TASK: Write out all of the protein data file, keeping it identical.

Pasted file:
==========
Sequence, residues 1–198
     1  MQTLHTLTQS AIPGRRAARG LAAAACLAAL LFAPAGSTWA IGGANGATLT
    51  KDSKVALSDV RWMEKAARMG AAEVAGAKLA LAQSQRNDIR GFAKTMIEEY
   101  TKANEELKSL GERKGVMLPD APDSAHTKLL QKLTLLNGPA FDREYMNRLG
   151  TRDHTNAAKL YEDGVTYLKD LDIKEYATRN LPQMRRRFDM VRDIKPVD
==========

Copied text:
Sequence, residues 1–198
     1  MQTLHTLTQS AIPGRRAARG LAAAACLAAL LFAPAGSTWA IGGANGATLT
    51  KDSKVALSDV RWMEKAARMG AAEVAGAKLA LAQSQRNDIR GFAKTMIEEY
   101  TKANEELKSL GERKGVMLPD APDSAHTKLL QKLTLLNGPA FDREYMNRLG
   151  TRDHTNAAKL YEDGVTYLKD LDIKEYATRN LPQMRRRFDM VRDIKPVD